Contrary to the preponderance of liver transplants alone in the multicenter review, a single center experience4 reported that of 14 patients with MMA, 6 patients underwent a single liver transplant, while 8 had a combined liver-kidney transplant. All patients who received a combined transplant had compromised renal function and most were on hemodialysis.

Both liver and kidney grafts contain MMUT activity. While all recipients of either single kidney or liver transplants experience reduced levels of serum MMA, recipients with a liver graft have pronounced effect on MMA serum levels. However, patients who receive combined liver-kidney transplants, regardless of the preoperative renal function, experience more profound and longer lasting reductions of urinary MMA than either single kidney or liver transplants alone.2

While solid organ transplant alleviates symptoms due to metabolic crises, the build-up of MMA in the CNS persists. This can cause persistent neurologic symptoms and remains an ongoing challenge. The occurrence of metabolic crises after transplantation for MMA vary from center to center. Nakamura et al reported a high occurrence after liver transplant alone5, while others4 report no metabolic sequelae. Metabolic strokes have also been reported following liver transplants6 whereas this appears to be more uncommon as a complication after combined liver-kidney transplants.

While it is generally accepted that transplantation for MMA is not curative, and that metabolic perturbations in the central nervous system persist, the quality of life of patients with MMA improves after transplantation. A thoughtful approach needs to take place in determining the role of combined transplants, even in the absence of preexisting kidney disease. A multi-center collaboration may be necessary to provide the answer as to whether a combined liver and kidney transplant provides better and more long-lasting metabolic control and better long-term kidney function than liver transplant alone7 even ion patients with preserved renal function.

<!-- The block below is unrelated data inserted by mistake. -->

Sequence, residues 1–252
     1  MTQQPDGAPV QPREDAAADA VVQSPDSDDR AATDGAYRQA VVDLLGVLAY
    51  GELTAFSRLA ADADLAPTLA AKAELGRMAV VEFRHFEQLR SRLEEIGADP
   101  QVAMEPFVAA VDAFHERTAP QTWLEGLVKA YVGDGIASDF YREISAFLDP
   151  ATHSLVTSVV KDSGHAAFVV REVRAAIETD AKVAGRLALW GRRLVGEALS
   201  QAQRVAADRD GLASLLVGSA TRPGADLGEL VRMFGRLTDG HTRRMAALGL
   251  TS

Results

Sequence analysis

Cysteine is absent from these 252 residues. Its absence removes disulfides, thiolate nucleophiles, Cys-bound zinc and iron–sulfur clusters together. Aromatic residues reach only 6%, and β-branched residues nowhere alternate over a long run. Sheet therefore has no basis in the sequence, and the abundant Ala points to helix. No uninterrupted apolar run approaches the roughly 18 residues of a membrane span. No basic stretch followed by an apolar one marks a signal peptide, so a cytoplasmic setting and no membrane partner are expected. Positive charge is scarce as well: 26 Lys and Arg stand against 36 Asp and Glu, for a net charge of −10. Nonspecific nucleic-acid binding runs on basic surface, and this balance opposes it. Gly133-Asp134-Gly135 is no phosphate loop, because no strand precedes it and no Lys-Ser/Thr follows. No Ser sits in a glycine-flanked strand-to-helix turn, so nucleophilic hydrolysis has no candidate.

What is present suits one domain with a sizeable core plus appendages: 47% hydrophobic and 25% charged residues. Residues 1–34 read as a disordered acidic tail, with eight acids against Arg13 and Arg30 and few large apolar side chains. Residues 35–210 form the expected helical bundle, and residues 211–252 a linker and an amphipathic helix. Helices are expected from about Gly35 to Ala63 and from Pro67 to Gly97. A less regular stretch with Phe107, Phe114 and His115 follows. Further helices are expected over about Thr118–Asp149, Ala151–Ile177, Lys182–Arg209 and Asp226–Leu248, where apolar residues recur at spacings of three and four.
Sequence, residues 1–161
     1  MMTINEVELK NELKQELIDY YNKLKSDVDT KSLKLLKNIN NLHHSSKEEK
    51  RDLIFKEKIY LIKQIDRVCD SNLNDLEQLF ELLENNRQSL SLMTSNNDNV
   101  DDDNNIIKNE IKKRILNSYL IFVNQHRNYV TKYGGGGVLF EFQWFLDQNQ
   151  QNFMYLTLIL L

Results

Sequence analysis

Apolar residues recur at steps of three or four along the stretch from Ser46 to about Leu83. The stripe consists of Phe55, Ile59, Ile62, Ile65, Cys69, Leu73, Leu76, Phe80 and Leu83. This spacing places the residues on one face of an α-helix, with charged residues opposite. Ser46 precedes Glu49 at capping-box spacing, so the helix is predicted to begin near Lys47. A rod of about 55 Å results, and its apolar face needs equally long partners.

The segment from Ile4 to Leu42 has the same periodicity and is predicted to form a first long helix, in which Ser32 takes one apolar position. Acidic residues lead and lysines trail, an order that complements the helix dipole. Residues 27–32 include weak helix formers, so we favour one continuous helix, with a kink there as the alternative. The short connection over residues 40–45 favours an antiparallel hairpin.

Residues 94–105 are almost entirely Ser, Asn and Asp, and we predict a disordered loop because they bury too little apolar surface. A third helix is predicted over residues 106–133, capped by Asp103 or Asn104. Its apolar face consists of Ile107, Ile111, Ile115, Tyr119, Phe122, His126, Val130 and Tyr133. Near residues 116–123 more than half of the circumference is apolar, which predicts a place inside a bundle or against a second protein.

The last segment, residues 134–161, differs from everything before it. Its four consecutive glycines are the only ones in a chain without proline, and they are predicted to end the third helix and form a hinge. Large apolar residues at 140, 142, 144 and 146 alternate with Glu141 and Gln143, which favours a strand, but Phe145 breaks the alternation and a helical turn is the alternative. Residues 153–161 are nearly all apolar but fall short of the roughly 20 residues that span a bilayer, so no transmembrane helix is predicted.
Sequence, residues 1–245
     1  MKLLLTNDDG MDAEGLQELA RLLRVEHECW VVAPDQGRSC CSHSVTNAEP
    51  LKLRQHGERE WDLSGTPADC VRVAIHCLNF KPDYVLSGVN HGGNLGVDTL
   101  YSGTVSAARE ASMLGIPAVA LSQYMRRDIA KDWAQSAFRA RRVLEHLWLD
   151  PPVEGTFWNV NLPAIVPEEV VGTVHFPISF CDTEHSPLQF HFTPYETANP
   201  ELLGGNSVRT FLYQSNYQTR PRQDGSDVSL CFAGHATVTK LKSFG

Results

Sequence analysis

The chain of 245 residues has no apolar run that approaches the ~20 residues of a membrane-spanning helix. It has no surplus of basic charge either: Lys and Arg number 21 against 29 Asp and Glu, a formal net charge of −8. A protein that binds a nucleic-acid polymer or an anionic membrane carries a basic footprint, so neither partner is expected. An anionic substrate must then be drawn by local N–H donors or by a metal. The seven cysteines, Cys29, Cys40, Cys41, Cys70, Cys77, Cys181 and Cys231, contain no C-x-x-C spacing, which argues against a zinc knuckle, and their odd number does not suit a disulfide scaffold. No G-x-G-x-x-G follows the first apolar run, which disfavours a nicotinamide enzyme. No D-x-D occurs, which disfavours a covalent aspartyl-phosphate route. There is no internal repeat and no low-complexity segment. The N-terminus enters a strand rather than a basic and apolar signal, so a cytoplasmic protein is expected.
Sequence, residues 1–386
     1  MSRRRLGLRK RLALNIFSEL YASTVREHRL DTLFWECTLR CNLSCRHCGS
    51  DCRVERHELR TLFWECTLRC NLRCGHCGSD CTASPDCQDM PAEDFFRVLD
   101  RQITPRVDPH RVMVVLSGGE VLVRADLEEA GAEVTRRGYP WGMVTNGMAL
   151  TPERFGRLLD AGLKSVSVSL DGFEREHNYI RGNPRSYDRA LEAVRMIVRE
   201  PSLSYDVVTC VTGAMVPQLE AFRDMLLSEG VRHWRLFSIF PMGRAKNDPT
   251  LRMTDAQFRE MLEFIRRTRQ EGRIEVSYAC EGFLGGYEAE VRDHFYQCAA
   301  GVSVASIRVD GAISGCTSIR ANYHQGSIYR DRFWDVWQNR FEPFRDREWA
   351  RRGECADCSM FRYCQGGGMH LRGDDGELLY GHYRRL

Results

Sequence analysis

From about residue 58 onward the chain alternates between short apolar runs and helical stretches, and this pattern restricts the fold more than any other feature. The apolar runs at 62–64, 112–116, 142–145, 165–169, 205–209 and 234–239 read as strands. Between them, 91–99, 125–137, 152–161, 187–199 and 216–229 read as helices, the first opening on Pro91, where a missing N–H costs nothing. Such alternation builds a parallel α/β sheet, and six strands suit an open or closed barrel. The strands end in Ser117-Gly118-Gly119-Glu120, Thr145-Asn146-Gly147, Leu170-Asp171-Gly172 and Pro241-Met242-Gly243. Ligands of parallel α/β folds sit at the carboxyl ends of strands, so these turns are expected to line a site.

1. Forny P, Horster F, Ballhausen D, et al.
    Guidelines for the diagnosis and management of methylmalonic acidaemia and propionic acidaemia: First revision. J Inherit Metab Dis.2021;44(3):566-592
  2. Brassier A, Krug P, Lacaille F, et al.
    Long-term outcome of methylmalonic aciduria after kidney, liver, or combined liver-kidney transplantation: The French experience. J Inherit Metab Dis. 2020;43(2):234-243
  3. Yap S, Vara R, Morais A.
    Post-transplantation Outcomes in Patients with PA or MMA: A Review of the Literature. Adv Ther. 2020;37(5):1866-1896.
  4. Niemi AK, Kim IK, Krueger CE, et al.
    Treatment of methylmalonic acidemia by liver or combined liver-kidney transplantation J Pediatr. 2015;166(6):1455-1461 e1451
  5. Sakamoto R, Nakamura K, Kido J, et al.
    Improvement in the prognosis and development of patients with methylmalonic acidemia after living donor liver transplant Pediatr Transplant 2016;20(8):1081-1086.
  6. Morioka D, Kasahara M, Horikawa R, Yokoyama S, Fukuda A, Nakagawa A.
    Efficacy of living donor liver transplantation for patients with methylmalonic acidemia Am J Transplant. 2007;7(12):2782-2787.
  7. Sloan JL, Manoli I, Venditti CP
    Liver or combined liver-kidney transplantation for patients with isolated methylmalonic acidemia: who and when? J Pediatr 2015;166(6):1346-1350.


Submitted by Dr. Pankaj Chandak and Dr. Manuel Rodriguez-Davalos on behalf of the IPTA Membership Communications Committee

The Membership and Communications committee is happy to share our focus on the diversity and the international representation from all continents following on from a fantastic IPTA meeting in Texas. It was so good to see friends and colleagues from all the world and to hear exciting science and innovation.

Creating a diverse and inclusive environment is a key component of our Association, our membership and communications committee is proud to have a balanced representation across pediatric specialties, gender and geographics, we would like to continue to make equity and inclusion a priority across IPTA and be a bridge in communications with transplant associations across the globe.